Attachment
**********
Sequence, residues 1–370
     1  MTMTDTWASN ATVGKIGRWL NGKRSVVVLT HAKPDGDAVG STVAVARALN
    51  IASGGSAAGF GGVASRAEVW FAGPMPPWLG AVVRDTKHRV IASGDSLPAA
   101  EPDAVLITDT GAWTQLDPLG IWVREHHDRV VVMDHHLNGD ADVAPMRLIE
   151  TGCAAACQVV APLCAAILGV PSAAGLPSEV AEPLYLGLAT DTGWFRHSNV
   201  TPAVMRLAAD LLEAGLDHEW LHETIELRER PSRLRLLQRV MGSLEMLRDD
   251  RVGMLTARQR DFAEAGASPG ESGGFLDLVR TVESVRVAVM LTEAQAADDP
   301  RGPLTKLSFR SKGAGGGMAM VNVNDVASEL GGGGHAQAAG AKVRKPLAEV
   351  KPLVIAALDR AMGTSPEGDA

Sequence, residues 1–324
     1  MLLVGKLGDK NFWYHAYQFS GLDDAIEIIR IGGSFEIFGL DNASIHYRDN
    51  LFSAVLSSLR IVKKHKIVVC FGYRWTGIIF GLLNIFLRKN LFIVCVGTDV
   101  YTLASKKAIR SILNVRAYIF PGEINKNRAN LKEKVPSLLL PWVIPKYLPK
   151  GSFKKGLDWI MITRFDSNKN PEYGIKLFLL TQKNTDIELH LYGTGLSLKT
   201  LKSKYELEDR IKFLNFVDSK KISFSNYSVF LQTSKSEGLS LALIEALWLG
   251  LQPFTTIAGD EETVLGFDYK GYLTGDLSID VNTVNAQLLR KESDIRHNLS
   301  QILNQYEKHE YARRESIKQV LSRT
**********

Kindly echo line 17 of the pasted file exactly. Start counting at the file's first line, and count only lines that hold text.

   301  QILNQYEKHE YARRESIKQV LSRT